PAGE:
&myRastPort is the RastPort with which this VSprite is to be associated.
Note that you will probably not like the results if you try to
RemVSprite() a VSprite that has not been added to the system with
AddVSprite().  See the Amiga ROM Kernel Reference Manual: Includes and
Autodocs for additional information on these functions.

28 / Using Virtual Sprites / Changing VSprites

Once the VSprite has been added to the GELs list and is in the display,
some of its characteristics can be changed dynamically by:

    * Changing y, x to a new VSprite position

    * Changing ImageData to point to a new VSprite image

    * Changing SprColors to point to a new VSprite color set

Study the next two sections to find out how to reserve hardware Sprites
for use outside the VSprite system and how to assign the VSprites.

28 / Using Virtual Sprites / Getting the VSprite List In Order

When the system has displayed the last line of a VSprite, it is able to
reassign the hardware sprite to another VSprite located at a lower
position on the screen.  The system allocates hardware sprites in the
order in which it encounters the VSprites in the list.  Therefore, the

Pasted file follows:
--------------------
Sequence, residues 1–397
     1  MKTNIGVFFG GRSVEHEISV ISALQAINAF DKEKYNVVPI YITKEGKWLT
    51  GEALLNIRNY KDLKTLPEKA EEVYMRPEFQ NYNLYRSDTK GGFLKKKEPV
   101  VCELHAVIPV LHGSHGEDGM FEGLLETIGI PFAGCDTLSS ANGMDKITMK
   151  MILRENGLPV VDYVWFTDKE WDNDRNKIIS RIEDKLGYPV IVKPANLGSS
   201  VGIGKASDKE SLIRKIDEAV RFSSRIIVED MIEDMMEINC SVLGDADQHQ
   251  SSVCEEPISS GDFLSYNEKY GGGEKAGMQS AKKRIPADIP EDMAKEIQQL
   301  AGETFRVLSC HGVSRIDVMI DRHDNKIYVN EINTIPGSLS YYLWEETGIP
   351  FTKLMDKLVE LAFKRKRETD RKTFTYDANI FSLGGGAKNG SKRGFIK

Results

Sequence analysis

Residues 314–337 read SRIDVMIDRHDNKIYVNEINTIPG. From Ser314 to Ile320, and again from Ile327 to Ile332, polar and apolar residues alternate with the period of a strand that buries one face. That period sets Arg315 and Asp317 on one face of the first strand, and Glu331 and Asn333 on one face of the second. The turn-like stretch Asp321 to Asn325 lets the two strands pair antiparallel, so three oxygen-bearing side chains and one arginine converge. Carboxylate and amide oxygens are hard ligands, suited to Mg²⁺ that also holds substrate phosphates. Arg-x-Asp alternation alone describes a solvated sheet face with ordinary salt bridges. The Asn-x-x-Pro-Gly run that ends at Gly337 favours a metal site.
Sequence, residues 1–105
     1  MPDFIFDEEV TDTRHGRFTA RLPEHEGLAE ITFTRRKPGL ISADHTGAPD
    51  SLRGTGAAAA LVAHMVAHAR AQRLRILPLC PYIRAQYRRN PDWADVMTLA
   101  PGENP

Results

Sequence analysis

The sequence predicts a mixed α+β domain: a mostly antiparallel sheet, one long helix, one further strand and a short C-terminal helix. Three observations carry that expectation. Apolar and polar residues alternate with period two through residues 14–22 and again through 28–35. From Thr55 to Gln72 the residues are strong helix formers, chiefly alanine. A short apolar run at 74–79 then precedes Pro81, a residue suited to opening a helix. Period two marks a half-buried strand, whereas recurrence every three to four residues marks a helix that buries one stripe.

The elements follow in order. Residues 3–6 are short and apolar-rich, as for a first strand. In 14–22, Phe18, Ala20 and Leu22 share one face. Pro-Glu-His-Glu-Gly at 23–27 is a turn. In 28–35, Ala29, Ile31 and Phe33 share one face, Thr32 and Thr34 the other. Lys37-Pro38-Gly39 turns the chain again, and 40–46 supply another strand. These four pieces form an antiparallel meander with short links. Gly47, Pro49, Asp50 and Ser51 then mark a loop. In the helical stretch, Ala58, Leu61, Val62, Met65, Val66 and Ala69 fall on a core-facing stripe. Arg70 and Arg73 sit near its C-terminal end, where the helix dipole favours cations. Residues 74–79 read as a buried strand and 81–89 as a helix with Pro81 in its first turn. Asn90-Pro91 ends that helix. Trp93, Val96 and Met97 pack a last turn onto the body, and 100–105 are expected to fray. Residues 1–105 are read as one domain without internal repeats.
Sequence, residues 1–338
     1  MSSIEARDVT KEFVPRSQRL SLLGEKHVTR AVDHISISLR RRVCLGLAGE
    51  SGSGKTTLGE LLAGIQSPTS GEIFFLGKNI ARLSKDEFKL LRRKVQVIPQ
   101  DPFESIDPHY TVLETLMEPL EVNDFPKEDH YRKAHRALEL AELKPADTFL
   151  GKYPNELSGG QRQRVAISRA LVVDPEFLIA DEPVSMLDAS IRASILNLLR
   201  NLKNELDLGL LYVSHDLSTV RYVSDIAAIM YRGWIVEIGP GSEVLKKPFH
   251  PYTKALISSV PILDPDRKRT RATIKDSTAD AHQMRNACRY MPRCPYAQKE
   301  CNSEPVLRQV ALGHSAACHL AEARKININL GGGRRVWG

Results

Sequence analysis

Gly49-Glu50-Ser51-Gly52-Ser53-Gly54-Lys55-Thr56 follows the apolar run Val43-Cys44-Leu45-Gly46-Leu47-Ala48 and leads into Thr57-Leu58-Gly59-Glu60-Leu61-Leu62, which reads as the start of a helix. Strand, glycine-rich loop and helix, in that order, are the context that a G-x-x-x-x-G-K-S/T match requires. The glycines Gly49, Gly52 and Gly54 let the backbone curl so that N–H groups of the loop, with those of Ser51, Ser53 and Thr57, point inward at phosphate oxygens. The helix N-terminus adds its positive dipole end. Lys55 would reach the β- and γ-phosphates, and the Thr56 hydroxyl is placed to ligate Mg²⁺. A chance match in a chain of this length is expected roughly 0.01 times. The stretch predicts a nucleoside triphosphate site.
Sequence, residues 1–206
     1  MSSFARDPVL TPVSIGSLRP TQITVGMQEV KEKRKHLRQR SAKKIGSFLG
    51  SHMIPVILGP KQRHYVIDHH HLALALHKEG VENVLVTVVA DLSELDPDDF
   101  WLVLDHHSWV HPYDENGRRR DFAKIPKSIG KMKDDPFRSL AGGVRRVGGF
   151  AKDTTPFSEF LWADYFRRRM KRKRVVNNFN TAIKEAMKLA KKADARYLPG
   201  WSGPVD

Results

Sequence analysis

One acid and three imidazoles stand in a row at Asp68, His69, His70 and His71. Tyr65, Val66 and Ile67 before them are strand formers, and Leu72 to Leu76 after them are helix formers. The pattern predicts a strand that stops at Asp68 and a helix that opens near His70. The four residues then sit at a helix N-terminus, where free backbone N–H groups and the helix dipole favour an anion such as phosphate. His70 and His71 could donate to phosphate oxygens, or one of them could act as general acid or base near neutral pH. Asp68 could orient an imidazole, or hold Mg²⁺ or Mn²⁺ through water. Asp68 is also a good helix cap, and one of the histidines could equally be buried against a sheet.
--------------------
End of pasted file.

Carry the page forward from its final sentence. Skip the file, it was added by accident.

list of VSprites must be sorted before the system can assign the use of
the hardware Sprites correctly.

The function SortGList() must be used to get the GELs in the correct order
before the system is asked to display them.  This sorting step is
essential!  It should be done before calling DrawGList(), whenever a GEL
has changed position.  This function is called as follows:

    struct RastPort myRastPort = {0};


The only argument is a pointer to the RastPort structure containing the

28 / Using Virtual Sprites / Displaying the VSprites

The next few sections explain how to display the VSprites. The following
system functions are used:

    DrawGList()  Draws the VSprites into the current RastPort.
       MrgCop()  Installs the VSprites into the display.
     LoadView()  Asks the system to display the new View.
      WaitTOF()  Synchronizes the functions with the display.